Re: LBI Broods and Social Sharing

John Waters (
10 Oct 1996 18:35:15 GMT

Paul Crowley <> wrote in article
> It's not a matter of the mother's choice; there has to be
> mechanism in which prevents a harmful number of pregnancies.
> chimp mother would not want two small infants at the same time
> both would have reduced chances of growing up strong enough to

> leave descendants.) In apes it seems that lactation inhibits

> ovulation. Conception is delayed until the infant has weaned.
> I wonder if there is an allied mechanism. Chimps appear to
> a significant proportion (10%?) of animal protein in their
> Males hunt small monkeys, and females fish for termites and
> Older infants get most of their sustenance from fruit, but
> they get their protein from mother's milk. By weaning age at
> or five, can they termite-fish? Or beg meat from adults? Or
> bird's nests?

JW: These are good points.

It is clear that the nursing hominid female would need an
improved physiological condition to meet the gestation and post
foetal demands of an LBI brood. Fortunately, the hominid nursing
female had evolved an increase in subcutaneous fat. This enabled
it to meet the demands of a growing embryo and the previous born
infant. In this context, it should be noted that there is
virtually no difference in the subcutaneous fat levels of male
and female Apes. By contrast, the human female has 12 - 15
percent more subcutaneous fat than the human male.

The increase in hominid female subcutaneous fat level was due to
the extension in the period of helplessness of the hominid
infant. This increased period of helplessness required the
hominid nursing female to carry her baby in her arms. This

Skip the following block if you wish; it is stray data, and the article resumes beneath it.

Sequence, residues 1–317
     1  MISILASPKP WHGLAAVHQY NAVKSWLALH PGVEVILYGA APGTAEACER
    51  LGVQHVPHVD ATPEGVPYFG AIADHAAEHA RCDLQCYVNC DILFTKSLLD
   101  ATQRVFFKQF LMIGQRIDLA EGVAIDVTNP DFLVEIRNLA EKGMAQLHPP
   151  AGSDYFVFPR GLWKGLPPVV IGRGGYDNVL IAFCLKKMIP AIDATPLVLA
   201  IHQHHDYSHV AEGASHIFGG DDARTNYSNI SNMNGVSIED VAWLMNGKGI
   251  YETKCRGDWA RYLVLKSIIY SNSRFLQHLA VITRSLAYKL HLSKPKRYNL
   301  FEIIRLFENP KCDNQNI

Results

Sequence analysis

encouraged and helped to maintain bipedalism as the main method
of ground level locomotion in the hominid specie.

However, when a baby is carried in its mother€s arms, its skin
comes into direct contact with the mother. This can result in a
twenty percent reduction in the amount of infant skin exposed to
the air. As infants lose most of their body heat through their
skin, this can lead to an increase in the infant€s core body
temperature. A further complicating factor is the heat created
by the nursing female as she carries her baby. This can be
conducted into the body of her baby via the points of skin
contact. This would increase the core temperature of the baby.

If the baby€s core temperature rises beyond a certain level, the
baby will die of heat-stroke. This was the evolutionary
background of the hominid helpless baby and its mother. This
long term evolutionary pressure resulted in physiological
changes in both the infant and the female.

The infantile adaptation to the thermoregulation problems of the
helpless baby was
the moulting of the foetal hair. This is a condition observed in
a proportion of present day babies. The baby is born with a full
head of hair and this is moulted soon after birth. Thereafter,
the baby gradually grows a new head of hair. This condition is
inexplicable except in the context of a previous evolutionary
requirement. The moulting of the foetal hair results in